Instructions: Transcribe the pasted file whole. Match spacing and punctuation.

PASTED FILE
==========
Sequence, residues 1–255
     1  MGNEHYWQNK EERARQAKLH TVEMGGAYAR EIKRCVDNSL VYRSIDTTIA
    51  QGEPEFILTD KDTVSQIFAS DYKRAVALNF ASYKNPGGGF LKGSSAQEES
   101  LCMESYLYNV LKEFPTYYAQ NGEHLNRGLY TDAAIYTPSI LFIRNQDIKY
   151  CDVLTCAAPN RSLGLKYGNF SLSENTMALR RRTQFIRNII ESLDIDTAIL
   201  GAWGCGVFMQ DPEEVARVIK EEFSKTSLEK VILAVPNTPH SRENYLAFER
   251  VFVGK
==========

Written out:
Sequence, residues 1–255
     1  MGNEHYWQNK EERARQAKLH TVEMGGAYAR EIKRCVDNSL VYRSIDTTIA
    51  QGEPEFILTD KDTVSQIFAS DYKRAVALNF ASYKNPGGGF LKGSSAQEES
   101  LCMESYLYNV LKEFPTYYAQ NGEHLNRGLY TDAAIYTPSI LFIRNQDIKY
   151  CDVLTCAAPN RSLGLKYGNF SLSENTMALR RRTQFIRNII ESLDIDTAIL
   201  GAWGCGVFMQ DPEEVARVIK EEFSKTSLEK VILAVPNTPH SRENYLAFER
   251  VFVGK